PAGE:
POLICE Magazine

MAY 2019

Magazine for police and law enforcement

Issue link: https://policemag.epubxp.com/i/1113598

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Page 39 of 76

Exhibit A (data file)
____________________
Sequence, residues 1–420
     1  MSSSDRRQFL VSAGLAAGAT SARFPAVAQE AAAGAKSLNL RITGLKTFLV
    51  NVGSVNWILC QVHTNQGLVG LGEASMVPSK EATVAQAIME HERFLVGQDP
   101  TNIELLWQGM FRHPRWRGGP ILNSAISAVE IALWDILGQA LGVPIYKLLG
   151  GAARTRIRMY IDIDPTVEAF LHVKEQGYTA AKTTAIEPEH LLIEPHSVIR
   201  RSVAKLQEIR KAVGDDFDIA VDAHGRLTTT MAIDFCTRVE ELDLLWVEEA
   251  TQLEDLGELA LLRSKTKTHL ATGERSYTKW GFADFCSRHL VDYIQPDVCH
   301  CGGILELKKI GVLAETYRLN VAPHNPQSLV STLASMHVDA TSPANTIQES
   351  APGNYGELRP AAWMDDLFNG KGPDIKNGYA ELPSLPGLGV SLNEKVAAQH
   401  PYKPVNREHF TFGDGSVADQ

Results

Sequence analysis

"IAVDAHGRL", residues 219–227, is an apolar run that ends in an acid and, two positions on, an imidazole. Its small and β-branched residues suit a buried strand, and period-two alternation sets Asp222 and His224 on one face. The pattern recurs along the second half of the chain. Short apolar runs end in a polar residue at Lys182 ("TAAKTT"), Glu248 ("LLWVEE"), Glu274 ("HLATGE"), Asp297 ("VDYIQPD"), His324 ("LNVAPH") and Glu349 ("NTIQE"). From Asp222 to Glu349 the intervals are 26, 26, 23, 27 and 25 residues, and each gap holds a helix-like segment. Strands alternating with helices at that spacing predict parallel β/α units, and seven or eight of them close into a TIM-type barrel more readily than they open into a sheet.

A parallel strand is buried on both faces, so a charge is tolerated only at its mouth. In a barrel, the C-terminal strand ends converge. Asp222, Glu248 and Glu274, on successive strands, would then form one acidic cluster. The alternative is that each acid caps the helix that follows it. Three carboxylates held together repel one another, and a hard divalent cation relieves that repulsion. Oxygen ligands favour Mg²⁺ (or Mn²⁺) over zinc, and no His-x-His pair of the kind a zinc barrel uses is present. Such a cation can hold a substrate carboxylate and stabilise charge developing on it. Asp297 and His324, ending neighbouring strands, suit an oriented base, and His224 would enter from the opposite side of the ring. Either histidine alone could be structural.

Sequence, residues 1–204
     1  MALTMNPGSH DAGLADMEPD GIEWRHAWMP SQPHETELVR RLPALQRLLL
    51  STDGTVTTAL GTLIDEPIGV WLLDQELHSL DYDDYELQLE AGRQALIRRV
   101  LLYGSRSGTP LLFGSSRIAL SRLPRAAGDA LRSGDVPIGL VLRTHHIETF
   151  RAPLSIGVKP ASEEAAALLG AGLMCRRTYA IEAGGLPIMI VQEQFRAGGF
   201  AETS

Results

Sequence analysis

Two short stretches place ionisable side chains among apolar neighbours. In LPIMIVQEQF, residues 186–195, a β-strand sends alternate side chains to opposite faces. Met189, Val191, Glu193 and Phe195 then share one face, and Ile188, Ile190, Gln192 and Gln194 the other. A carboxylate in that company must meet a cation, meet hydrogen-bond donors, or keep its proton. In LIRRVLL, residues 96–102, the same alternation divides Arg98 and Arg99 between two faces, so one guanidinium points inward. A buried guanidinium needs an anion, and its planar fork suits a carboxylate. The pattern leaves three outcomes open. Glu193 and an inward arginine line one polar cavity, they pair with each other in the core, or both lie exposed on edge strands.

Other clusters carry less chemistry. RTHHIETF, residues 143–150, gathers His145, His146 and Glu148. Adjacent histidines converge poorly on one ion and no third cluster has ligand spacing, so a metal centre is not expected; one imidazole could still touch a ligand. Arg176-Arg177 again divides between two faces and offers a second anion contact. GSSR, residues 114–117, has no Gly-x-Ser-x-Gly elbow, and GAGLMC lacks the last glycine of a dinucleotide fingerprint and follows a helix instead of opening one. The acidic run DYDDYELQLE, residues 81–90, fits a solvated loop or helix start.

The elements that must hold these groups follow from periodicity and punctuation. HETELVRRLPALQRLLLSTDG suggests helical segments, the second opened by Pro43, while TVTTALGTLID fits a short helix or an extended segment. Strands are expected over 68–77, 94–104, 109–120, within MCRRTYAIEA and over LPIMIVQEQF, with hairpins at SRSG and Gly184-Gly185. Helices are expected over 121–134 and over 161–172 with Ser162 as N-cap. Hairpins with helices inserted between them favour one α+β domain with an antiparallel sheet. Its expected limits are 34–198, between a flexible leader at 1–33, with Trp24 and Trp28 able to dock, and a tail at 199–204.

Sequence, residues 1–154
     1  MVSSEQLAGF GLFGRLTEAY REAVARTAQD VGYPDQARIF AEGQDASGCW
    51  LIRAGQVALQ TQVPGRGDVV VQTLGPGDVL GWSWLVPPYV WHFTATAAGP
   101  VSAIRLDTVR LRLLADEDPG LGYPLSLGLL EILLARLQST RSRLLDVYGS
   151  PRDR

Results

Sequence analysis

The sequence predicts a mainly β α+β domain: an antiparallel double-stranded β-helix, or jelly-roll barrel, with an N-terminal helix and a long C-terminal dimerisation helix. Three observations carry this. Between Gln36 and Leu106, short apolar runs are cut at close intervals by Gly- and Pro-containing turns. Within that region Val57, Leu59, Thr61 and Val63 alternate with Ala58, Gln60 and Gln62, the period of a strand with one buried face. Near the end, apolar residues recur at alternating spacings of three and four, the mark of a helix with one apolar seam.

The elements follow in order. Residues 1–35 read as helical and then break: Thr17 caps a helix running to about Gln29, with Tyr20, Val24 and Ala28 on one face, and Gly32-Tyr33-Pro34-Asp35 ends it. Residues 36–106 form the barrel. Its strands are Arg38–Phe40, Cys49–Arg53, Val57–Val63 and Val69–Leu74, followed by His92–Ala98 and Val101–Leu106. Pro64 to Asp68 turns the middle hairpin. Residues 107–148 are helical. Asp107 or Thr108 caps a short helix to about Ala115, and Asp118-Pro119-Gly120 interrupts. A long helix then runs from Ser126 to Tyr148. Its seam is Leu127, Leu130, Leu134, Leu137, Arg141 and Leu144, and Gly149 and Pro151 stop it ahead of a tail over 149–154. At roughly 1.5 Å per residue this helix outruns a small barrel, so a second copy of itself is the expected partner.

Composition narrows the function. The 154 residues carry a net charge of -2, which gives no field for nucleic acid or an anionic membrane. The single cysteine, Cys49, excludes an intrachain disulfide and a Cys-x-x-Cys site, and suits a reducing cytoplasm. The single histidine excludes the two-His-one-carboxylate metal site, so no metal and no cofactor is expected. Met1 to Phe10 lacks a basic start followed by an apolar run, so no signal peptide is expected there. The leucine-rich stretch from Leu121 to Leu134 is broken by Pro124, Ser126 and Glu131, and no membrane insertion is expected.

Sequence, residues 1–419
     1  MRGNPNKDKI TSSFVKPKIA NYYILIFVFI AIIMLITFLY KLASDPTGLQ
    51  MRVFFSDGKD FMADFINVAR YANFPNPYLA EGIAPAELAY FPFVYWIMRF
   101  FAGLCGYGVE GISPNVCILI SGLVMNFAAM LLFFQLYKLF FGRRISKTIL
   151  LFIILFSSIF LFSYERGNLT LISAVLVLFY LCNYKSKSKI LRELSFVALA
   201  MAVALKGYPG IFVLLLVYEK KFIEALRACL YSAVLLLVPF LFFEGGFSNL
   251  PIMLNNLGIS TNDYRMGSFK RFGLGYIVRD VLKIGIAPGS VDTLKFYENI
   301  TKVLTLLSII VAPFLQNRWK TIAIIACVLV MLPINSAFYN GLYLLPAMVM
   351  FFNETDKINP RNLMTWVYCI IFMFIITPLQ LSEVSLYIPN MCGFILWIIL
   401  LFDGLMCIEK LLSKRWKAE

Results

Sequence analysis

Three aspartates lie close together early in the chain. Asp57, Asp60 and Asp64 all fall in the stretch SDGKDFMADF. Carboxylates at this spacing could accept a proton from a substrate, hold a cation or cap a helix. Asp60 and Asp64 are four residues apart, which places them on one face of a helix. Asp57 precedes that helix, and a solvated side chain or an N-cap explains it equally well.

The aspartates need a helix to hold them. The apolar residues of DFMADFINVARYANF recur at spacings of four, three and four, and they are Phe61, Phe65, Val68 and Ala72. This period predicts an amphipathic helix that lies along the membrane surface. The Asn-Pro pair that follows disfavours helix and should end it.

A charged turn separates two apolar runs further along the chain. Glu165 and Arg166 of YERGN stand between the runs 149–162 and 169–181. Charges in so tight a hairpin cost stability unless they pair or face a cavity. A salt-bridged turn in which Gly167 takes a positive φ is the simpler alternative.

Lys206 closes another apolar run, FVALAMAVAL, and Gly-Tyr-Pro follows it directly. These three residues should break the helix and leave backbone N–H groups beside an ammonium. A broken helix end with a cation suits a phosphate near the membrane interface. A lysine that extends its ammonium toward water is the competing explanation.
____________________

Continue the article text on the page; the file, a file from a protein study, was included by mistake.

P O L I C E M AG .C O M 37 AVOIDING DANGER Roll-away dangers exist at all tow- and recovery-related scenarios. Knowing this information can save you from be- ing injured or killed while conducting simple police services involving vehi- cles being impounded, recovered, or towed away from wrecks. Vehicles being winched from any lo- cation during tow-related winch/recov- ery scenarios may disengage from free- spool, disconnect, or cable separation. When vehicles are being winched onto flatbed carriers, even during the most routine of impounds, they're prone to letting go when the tow operator hasn't confirmed the winch's spool was re- locked. Carrier operators are trained to apply a top-side safety strap or safe- ty chain to hold a vehicle's weight in the event of cable separation, V-Bridle (chain) break, or any other mechanical failure involving the carrier's winch. So it's important that officers remain safely away from winch-on winch-off operations. Unfortunately, officers are often the worst violators of this safety practice. Some routinely, sometimes nonchalantly, stand directly within dangerous roll-away zones and are vir- tually oblivious to potential roll-away dangers as they and or police service personnel prepare impound reports and write traffic citations. Always be aware of what is going on during a towing operation, especially when tow operators are in the process of winching, loading, and off-loading vehicles. In any environment where a tow truck winch is actively working, unannounced disconnect or cable sep- aration can happen without notice, re- sulting in great bodily injury or death, even when the activity is typical and mundane to you. Don't stand or work behind or near any tow truck that is actively at work. And don't expect the tow truck driver to see that you are in danger. While tow operators are trained to remove anyone from a dangerous winch zone, they may be concentrating on their towing and recovery duties and not see persons re- entering an active roll-away zone. As an additional level of precaution during impound operations on city streets or highway shoulders, I recom- mend that you park your police vehicle directly in-line and behind the vehicle being loaded, if there's room to do so. If a vehicle detaches (for whatever rea- son), the roll-away vehicle will roll only as far as the front end of the police vehi- cle and not into locations where persons or pedestrians are standing or working. is protocol could be a life-saving con- sideration. Tow operations safety is a topic of training not typically covered in law enforcement academies. But I urge all police department managers assigned to traffic enforcement, parking control, abatement, vehicle impound, and pa- trol, to be extremely aware of the dan- gers that exist during towing operations. Remind your personnel that if a tow truck's winch is actively engaged and working, the potential for accidental roll-way is always dangerously close. Randall C. Resch is the former editor of POLICE Magazine and a 12-year veter- an police officer who served with the San Diego Police Department. For 23-years, he has been operations editor for Amer- ican Towman Magazine and Tow In- dustry Week online, writing more than 550 monthly safety and training articles for the towing and recovery industry. He regularly trains law enforcement officers in towing operations safety. He can be reached at rreschran@gmail.com. Don't stand or work behind or near any tow truck that is actively at work. And don't expect the tow truck driver to see that you are in danger. PHOTO: R ANDALL RESCH

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